Tips To Manage Student Loan Defaults
"Cohort default rates are on the rise for many colleges and universities," Community College Daily reports.
"The reasons are numerous — changes in the cohort calculation formula, the current economic climate, and low student program or degree completion.
Newspaper headlines suggest that cohort default rates are increasing because students borrow too much. While high debt burdens are troublesome for students, the data at the community college level tells a different story.
The single biggest risk factor for community college students is program completion. A defaulted loan borrower at a community college is likely to have a loan balance somewhere between $3,500 and $4,000. In many cases, the student obtains a freshman-loan but does not complete his or her program of study. College administrators should consider attacking the issue on two fronts — students currently enrolled and students in active loan repayment status. ...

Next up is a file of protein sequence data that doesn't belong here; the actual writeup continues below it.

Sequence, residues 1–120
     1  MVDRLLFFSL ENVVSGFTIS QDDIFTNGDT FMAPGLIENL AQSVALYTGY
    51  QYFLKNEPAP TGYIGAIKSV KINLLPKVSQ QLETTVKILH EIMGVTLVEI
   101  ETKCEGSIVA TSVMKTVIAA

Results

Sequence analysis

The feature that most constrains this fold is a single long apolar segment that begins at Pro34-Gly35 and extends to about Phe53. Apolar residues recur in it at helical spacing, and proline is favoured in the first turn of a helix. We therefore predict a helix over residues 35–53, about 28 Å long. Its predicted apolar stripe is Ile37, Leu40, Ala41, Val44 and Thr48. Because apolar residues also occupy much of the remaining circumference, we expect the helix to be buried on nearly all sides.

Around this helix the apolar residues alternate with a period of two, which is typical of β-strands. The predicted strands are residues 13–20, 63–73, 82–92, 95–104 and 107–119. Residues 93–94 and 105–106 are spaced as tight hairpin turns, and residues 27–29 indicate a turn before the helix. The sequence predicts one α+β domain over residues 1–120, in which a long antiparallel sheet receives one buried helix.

A literature review published in the National Association of Student Financial Aid Administrators’ Journal of Student Financial Aid stated, 'The majority of the research we reviewed suggested that completing a postsecondary program is the strongest single predictor of not defaulting regardless of institution type.' Institutional investments in retention can reduce the likelihood of default for students currently enrolled, but colleges must also focus on the needs of those students currently in repayment."
NASFAA's "Financial Aid in the News" section highlights media coverage of financial aid to help members stay up to date with the latest news. Inclusion in Today's News does not imply endorsement of the material or guarantee the accuracy of information presented.